Cross-R Collaboration: Our latest prototype!

Feel free to check out the video first then read here for a more in depth look at the tech, process and next steps.

One of our team’s big goals is to create rich spatial collaboration tools for people working remotely. Evelyn lives in Boston, Vi in the mountains, and M in San Francisco, but we want to be able to be in overlapping spatial environments while we work. For years, we have done this exclusively in VR, working in a variety of software that let us co-locate for meetings, prototype walk-throughs and art explosions. But since the beginning of these experiments, we have been wanting to to incorporate our physical worlds. There was the scale model of M’s house they made in VR, Evelyn placed in AR, and Vi 3D printed. There was the recreation of Evelyn’s barn remixed recursively at multiple scales. There were virtual sculptures of our real dogs and 3D prints of our virtual code.

We can now move beyond simple recreations and bring our physical spaces closer together with our new prototype. Here’s how it works:

First we created an MRE (Mixed Reality

Environment) on the host computer. The MRE is then served to your headset of choice via a web socket. The HoloLens slurps up this data using MRTK (the Mixed Reality Tool Kit) embedded in a Unity app. Meanwhile, the VR headset (we used a Quest in our experiments) accesses the MRE via the MRE SDK Widget available in Altspace.

It’s like WebVR but it actually works cross-R.

Evelyn, Master Wizard of gluing bits together til they work, did all the expert finding out about these tools and baking them into this very exciting pie. Or maybe it’s more of a croissant. Magic croissant!

For our first big experiment with this set up, we created a large scale installation in Evelyn’s barn using paper, string and holograms. We started with the physical materials. Using string as an armature for the thin paper flags, we created light weight volumes in the space you could walk around and through as they fluttered in the breeze of the space heaters. Next we added the holograms.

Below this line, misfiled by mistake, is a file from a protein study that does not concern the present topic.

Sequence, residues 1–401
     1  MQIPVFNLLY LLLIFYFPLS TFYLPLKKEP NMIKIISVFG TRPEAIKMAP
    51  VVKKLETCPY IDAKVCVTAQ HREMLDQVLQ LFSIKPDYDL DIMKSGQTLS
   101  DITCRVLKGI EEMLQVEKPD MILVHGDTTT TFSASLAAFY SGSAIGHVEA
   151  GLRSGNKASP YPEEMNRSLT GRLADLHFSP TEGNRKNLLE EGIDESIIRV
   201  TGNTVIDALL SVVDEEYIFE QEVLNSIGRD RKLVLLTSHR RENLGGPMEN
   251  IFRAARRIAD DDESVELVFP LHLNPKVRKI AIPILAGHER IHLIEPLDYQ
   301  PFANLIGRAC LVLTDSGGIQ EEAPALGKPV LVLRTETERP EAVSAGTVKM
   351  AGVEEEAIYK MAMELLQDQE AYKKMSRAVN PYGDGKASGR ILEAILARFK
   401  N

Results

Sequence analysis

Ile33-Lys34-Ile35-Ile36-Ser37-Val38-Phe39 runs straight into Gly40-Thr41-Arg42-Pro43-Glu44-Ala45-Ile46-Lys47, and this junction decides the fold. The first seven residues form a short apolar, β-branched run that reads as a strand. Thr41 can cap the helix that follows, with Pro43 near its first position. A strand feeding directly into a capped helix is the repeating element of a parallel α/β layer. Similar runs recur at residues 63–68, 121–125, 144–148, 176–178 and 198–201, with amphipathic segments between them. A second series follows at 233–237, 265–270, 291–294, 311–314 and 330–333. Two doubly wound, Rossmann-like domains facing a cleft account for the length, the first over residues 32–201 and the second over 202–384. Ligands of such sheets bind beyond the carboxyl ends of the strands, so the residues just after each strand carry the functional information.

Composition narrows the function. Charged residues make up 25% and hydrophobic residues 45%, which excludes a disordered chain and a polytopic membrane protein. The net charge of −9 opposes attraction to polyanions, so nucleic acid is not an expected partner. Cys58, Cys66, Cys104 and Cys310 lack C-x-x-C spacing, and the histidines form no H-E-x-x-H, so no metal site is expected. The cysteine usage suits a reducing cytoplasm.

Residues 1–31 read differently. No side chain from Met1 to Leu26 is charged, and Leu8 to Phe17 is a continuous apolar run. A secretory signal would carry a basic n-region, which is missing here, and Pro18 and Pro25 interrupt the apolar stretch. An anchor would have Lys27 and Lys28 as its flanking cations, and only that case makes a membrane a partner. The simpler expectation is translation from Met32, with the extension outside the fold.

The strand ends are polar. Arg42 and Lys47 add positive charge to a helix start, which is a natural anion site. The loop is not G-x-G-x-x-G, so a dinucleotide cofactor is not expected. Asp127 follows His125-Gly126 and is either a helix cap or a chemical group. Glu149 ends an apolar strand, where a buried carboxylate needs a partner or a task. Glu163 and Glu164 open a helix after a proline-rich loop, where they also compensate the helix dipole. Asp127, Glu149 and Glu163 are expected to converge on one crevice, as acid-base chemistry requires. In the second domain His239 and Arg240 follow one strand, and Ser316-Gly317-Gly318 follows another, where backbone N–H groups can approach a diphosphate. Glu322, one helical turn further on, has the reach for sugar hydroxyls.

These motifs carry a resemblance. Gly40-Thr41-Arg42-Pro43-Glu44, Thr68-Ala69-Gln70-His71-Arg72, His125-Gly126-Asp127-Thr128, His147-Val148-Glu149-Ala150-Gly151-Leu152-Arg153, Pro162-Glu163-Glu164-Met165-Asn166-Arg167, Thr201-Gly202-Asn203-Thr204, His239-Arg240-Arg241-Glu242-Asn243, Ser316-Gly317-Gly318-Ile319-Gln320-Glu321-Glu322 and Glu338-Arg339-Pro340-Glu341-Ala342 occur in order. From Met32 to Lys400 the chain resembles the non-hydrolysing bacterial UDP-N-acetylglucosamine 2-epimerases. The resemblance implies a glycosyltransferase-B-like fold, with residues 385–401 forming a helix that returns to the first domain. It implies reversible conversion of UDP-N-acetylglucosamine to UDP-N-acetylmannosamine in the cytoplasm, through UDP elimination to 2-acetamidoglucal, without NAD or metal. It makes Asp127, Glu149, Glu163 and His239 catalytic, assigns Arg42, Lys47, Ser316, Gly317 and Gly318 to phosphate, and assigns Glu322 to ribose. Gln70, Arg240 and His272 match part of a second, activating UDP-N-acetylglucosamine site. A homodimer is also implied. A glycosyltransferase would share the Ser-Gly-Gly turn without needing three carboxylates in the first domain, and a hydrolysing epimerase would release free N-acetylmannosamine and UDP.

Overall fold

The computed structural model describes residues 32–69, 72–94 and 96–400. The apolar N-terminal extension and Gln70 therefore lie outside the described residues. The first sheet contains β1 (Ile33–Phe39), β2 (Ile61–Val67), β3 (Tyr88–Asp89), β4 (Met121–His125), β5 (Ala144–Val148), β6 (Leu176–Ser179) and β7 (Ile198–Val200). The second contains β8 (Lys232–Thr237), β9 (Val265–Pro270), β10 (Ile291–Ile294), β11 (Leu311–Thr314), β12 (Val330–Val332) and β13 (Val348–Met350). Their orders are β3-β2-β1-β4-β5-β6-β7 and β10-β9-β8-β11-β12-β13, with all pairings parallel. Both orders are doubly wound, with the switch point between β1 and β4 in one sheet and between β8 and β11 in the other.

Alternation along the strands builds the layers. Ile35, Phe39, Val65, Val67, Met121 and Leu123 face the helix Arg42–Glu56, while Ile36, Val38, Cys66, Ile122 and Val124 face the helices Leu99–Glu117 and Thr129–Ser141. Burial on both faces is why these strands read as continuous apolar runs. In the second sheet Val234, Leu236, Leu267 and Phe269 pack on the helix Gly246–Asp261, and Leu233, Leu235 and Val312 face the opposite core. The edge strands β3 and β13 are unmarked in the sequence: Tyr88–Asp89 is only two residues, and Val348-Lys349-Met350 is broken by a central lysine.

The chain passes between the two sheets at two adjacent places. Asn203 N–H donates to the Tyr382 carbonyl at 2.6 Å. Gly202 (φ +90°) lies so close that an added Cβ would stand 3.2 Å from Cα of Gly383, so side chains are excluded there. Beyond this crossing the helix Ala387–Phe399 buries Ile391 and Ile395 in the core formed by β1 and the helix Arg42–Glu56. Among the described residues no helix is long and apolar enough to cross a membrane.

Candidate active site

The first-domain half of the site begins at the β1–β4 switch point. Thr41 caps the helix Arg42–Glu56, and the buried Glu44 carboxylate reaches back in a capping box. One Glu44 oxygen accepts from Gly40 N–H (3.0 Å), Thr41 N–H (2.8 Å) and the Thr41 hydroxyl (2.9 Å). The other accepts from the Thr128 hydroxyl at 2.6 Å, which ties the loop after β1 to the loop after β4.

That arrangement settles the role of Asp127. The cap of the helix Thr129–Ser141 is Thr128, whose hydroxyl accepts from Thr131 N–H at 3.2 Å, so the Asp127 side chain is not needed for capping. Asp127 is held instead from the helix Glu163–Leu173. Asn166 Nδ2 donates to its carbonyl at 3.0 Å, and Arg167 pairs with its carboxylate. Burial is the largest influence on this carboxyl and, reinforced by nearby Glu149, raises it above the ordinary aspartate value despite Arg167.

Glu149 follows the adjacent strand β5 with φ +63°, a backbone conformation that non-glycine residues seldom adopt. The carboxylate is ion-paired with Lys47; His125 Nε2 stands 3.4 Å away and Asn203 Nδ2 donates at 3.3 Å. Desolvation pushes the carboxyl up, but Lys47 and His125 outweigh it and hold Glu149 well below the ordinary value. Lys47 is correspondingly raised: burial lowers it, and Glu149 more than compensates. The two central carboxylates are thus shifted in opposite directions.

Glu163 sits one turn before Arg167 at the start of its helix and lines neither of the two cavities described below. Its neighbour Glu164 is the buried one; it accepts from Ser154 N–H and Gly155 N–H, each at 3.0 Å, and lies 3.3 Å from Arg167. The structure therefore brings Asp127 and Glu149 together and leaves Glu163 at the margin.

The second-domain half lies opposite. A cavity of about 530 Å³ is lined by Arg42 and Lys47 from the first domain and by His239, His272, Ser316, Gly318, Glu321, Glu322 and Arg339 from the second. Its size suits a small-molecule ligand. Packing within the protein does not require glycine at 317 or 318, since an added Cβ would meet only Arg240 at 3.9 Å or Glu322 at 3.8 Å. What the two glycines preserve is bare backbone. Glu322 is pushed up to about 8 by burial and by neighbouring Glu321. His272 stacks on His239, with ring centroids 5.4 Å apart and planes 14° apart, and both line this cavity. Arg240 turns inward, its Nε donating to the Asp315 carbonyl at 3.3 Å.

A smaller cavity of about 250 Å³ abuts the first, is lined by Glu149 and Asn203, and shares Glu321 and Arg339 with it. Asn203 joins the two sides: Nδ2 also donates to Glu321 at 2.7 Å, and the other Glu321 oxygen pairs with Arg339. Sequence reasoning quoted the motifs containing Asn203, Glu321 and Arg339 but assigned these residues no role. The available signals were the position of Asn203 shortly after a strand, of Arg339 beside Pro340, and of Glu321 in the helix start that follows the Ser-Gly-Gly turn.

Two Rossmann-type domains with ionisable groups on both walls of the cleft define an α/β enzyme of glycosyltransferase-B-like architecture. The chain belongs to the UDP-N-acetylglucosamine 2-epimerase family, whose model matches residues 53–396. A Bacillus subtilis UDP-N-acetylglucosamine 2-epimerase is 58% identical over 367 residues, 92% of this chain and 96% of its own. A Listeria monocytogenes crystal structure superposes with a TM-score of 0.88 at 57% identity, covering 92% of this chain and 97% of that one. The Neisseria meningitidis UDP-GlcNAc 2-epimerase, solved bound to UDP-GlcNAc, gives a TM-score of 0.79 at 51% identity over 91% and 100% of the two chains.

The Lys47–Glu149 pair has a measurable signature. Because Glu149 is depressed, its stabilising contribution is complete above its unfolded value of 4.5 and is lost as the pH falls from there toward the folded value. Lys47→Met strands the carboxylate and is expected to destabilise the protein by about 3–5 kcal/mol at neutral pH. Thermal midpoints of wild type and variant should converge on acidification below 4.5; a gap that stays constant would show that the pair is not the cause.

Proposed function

When working with the physical materials, our problem solving mode was all about tension and knots. When we switched to working in the MRE, Evelyn went back to flatland to prod code into shape. M stood in the space with the HoloLens on, trying to figure out what a 1 unit measurement meant in the real world. There was a lot of trying to measure things with arm widths and marking out X and Z depths in tape on the floor. Because this is a very early prototype, all of our creative capacities are still restricted to the 2D code, so in order to place the holograms in the right spots in relation to the physical space we had to guess at scale and position numbers, reload the MRE, look at the results in the HoloLens and then guess again until we fine tuned each position.

With both the physical and virtual materials installed we could play with interaction. M and Evelyn were both in the physical space of the installation and Vi joined us remotely in VR. Walking around the installation wearing the HoloLens, the thin paper with its subtle floating motion was layered with candy-bright see-thru blocks and planes. The holograms, with their perfectly crisp corners and silky smooth faces, started off that particular kind of dead-still unique to simulated things. But once Vi touched them, from thousands of miles away, they spun to life, changing color and tripping over themselves ending up at odd angles.

The Big Bug

We did encounter one very frustrating but not project-killing bug. While the HoloLens could see the objects being served by the MRE, and even sync color and animation changes caused by the VR user’s interactions, it could not interact with the objects itself. Our original intention with this prototype was that both the local HoloLens user and remote Quest users could interact with the objects, but this bug meant that the HoloLens user was stuck in spectator mode for now.


Our short term goal for this project is to experiment with different interaction models that this combination of MRE and MRTK, HoloLens and VR makes possible. For this iteration we had the privilege of being in the same large working space together for a week, but our next iterations will go with out that luxury. Check back soon for a new progress report as we will continue to work cross-R as well as cross-continent, collaging together our studio spaces and practices.